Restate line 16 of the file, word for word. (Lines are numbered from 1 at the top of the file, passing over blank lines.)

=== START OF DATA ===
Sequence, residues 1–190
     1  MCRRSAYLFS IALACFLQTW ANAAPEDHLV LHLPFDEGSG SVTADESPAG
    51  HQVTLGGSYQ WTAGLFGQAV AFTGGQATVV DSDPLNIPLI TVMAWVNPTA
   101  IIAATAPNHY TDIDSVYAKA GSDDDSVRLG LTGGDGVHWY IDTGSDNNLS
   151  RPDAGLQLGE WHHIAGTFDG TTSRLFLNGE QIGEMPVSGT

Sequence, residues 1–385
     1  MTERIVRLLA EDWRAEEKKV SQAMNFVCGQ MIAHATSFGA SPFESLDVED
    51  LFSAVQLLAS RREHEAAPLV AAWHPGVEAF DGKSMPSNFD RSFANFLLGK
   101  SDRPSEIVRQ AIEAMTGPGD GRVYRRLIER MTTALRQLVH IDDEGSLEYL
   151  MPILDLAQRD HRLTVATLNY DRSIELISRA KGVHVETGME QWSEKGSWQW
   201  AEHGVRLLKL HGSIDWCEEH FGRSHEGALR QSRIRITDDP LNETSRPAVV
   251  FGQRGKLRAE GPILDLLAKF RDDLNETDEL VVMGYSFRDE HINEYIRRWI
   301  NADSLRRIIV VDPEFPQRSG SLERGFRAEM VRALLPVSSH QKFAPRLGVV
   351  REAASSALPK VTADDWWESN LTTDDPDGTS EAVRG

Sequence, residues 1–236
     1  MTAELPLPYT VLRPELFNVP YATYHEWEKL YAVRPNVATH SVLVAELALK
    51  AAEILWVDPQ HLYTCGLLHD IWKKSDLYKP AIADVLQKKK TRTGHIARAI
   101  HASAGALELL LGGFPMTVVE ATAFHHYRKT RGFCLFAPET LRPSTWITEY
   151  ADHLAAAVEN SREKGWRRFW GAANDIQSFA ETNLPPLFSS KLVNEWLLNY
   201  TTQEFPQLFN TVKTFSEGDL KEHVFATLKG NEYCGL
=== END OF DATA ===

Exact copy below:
     1  MTAELPLPYT VLRPELFNVP YATYHEWEKL YAVRPNVATH SVLVAELALK